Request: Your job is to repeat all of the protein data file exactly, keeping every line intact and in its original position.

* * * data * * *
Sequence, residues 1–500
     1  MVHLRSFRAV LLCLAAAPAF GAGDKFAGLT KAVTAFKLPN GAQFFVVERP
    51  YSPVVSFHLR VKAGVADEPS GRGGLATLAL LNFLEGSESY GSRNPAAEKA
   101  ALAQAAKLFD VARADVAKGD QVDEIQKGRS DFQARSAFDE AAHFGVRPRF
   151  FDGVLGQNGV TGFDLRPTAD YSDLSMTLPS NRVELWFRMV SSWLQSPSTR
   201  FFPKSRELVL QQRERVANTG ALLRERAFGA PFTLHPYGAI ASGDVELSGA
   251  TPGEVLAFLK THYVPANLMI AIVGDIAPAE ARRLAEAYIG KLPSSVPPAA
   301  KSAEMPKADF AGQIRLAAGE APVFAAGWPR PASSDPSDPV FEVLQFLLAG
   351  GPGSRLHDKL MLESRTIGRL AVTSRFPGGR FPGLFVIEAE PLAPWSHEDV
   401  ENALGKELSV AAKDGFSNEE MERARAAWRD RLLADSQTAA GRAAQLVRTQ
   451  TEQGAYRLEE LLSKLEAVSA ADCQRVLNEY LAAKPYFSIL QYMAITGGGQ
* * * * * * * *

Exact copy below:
Sequence, residues 1–500
     1  MVHLRSFRAV LLCLAAAPAF GAGDKFAGLT KAVTAFKLPN GAQFFVVERP
    51  YSPVVSFHLR VKAGVADEPS GRGGLATLAL LNFLEGSESY GSRNPAAEKA
   101  ALAQAAKLFD VARADVAKGD QVDEIQKGRS DFQARSAFDE AAHFGVRPRF
   151  FDGVLGQNGV TGFDLRPTAD YSDLSMTLPS NRVELWFRMV SSWLQSPSTR
   201  FFPKSRELVL QQRERVANTG ALLRERAFGA PFTLHPYGAI ASGDVELSGA
   251  TPGEVLAFLK THYVPANLMI AIVGDIAPAE ARRLAEAYIG KLPSSVPPAA
   301  KSAEMPKADF AGQIRLAAGE APVFAAGWPR PASSDPSDPV FEVLQFLLAG
   351  GPGSRLHDKL MLESRTIGRL AVTSRFPGGR FPGLFVIEAE PLAPWSHEDV
   401  ENALGKELSV AAKDGFSNEE MERARAAWRD RLLADSQTAA GRAAQLVRTQ
   451  TEQGAYRLEE LLSKLEAVSA ADCQRVLNEY LAAKPYFSIL QYMAITGGGQ